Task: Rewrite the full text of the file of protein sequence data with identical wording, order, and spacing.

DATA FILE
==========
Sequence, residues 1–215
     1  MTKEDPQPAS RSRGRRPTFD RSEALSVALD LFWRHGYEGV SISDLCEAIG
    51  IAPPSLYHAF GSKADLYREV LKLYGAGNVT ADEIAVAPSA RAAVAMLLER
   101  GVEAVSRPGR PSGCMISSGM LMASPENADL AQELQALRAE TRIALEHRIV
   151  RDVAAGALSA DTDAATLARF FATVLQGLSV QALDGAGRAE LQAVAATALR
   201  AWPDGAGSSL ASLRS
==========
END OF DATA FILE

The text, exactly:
Sequence, residues 1–215
     1  MTKEDPQPAS RSRGRRPTFD RSEALSVALD LFWRHGYEGV SISDLCEAIG
    51  IAPPSLYHAF GSKADLYREV LKLYGAGNVT ADEIAVAPSA RAAVAMLLER
   101  GVEAVSRPGR PSGCMISSGM LMASPENADL AQELQALRAE TRIALEHRIV
   151  RDVAAGALSA DTDAATLARF FATVLQGLSV QALDGAGRAE LQAVAATALR
   201  AWPDGAGSSL ASLRS